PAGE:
“By 2020, at least 17 percent of terrestrial and inland water, and 10 percent of coastal and marine areas, especially areas of particular importance for biodiversity and ecosystem services, are conserved through effectively and equitably managed, ecologically representative and well-connected systems of protected areas and other effective area-based conservation measures and integrated into the wider landscapes and seascapes.”

Figure 1: Map of MPAs and OECMs across the globe. Credit: INEP-WCMC and IUCN (2)

In the years following, many countries, including Canada, have worked to meet the goal of increasing marine protection by establishing MPAs and other effective area-based conservation measures (OECMs). For an introduction to MPAs on a global scale, refer to CPCIL’s blog post, “Why MPAs are the World’s Underwater Parks and Aquatic Lifeline.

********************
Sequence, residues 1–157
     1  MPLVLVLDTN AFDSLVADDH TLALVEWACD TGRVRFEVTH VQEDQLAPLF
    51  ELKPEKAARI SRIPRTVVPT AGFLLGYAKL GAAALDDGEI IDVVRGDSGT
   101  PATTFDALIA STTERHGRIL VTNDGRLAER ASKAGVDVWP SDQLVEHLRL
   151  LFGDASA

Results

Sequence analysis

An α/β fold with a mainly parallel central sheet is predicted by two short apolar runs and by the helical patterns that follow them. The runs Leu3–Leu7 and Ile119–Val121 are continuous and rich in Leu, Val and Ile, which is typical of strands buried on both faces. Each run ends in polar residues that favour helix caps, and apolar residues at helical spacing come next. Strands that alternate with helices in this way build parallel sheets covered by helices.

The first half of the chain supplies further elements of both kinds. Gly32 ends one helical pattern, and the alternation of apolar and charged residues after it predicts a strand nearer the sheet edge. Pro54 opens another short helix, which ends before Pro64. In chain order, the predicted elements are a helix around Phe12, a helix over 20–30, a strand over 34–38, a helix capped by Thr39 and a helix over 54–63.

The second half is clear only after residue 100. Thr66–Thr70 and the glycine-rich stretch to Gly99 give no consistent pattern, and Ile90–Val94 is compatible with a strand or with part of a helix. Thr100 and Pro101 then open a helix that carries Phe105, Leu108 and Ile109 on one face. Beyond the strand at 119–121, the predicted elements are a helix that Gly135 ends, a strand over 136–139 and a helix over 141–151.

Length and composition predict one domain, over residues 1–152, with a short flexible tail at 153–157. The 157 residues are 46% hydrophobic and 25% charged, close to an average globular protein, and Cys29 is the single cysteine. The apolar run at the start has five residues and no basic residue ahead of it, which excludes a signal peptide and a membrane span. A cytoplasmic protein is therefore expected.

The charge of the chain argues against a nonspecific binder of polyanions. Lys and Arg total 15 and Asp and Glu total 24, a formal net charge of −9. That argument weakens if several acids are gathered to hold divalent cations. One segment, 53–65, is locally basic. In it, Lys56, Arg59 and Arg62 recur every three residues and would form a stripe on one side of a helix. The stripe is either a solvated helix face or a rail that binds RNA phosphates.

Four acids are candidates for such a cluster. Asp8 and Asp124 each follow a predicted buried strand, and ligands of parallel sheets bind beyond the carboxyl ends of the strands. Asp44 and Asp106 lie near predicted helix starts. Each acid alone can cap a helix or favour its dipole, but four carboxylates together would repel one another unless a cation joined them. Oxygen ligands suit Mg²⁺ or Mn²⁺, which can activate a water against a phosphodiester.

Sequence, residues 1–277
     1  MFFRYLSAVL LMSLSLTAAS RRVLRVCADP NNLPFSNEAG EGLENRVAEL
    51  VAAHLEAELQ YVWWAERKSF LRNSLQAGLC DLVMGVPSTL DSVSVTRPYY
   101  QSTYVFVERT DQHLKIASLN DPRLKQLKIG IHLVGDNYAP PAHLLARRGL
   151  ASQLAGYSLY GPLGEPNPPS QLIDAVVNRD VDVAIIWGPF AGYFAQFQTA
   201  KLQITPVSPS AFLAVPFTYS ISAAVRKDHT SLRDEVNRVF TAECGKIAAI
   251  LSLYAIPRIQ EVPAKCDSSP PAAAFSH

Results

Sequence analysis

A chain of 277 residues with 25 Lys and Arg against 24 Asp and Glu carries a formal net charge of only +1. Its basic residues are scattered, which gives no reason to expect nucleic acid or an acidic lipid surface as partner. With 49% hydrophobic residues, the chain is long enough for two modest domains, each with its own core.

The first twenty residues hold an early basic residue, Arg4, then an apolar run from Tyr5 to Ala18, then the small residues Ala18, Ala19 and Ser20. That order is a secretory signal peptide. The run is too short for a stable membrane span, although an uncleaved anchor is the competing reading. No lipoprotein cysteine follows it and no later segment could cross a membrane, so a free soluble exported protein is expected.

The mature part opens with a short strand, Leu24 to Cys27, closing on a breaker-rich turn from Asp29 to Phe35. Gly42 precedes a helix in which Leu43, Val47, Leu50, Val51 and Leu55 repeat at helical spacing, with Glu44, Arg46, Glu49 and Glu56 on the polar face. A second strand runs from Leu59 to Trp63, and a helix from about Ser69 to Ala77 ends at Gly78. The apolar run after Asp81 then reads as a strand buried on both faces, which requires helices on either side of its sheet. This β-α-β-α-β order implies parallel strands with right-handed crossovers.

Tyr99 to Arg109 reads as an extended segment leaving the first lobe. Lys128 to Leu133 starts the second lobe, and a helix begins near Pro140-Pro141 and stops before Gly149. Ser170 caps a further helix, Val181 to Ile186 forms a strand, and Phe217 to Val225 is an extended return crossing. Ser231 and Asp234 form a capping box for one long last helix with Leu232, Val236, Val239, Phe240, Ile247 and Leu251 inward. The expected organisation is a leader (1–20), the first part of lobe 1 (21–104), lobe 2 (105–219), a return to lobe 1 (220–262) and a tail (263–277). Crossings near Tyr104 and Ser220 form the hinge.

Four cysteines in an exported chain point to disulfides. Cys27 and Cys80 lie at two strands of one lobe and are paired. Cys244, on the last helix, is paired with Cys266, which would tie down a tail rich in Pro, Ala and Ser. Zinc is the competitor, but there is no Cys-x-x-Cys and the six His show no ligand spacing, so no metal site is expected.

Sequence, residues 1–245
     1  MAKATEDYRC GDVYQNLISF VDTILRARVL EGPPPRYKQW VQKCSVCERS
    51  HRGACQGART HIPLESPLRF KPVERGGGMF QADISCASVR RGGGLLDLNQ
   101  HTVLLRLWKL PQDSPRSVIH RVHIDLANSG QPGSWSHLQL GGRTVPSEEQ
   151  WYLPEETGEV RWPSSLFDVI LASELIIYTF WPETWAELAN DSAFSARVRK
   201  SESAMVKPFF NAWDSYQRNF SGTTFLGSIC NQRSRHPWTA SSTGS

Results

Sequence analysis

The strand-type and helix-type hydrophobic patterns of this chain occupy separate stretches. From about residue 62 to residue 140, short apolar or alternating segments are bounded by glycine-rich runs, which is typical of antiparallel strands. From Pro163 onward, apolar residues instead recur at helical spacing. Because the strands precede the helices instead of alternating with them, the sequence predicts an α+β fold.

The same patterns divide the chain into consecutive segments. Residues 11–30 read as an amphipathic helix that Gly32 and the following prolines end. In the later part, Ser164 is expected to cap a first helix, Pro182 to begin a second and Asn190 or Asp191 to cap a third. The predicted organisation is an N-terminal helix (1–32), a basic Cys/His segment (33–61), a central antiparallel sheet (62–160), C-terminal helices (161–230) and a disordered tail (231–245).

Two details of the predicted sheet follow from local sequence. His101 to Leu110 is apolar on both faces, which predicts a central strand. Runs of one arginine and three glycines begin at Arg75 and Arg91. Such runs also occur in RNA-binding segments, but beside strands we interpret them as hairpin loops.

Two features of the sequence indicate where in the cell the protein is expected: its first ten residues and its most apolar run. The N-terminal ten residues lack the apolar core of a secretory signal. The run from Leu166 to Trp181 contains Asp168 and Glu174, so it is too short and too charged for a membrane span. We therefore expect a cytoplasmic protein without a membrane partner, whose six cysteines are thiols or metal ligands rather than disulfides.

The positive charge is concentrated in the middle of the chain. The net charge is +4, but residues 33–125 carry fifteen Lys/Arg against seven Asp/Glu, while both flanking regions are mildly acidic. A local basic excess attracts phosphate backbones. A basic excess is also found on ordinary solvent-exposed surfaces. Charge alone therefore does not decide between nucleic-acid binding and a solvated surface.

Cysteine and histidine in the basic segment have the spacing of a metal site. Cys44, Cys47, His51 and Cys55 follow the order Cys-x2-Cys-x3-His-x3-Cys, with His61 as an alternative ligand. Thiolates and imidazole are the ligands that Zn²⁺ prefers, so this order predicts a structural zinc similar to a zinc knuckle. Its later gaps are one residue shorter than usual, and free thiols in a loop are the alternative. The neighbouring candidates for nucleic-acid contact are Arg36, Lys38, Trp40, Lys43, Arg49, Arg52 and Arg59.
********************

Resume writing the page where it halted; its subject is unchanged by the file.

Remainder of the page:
Canada's Approach to MPAS

MPAs are essential for conserving marine environments and ecosystem services. In 2015, Canada committed to reaching Aichi Target 11 by 2020 and in 2016, the Canadian government developed a five-pronged approach to achieving this goal (4):

  1. Complete established processes for MPAs already underway 
  2. Establish new, large MPAs in offshore areas
  3. Target areas that are under pressure from human activity
  4. Advance other effective area-based conservation measures
  5. Establish MPAs faster and more effectively

By following the above plan and adhering to standards set by the IUCN and the CBD, Canada has achieved its goal. With the longest coastline in the world and a vast expanse of marine ecosystems, protecting 10% is not insignificant. Currently, Canada has 14 established MPAs, which make up 6% of Canada’s coastal and marine environments, with the additional 4% of protected coastal and marine environment being OECMs.

Applying IUCN Standards to Canadian MPAs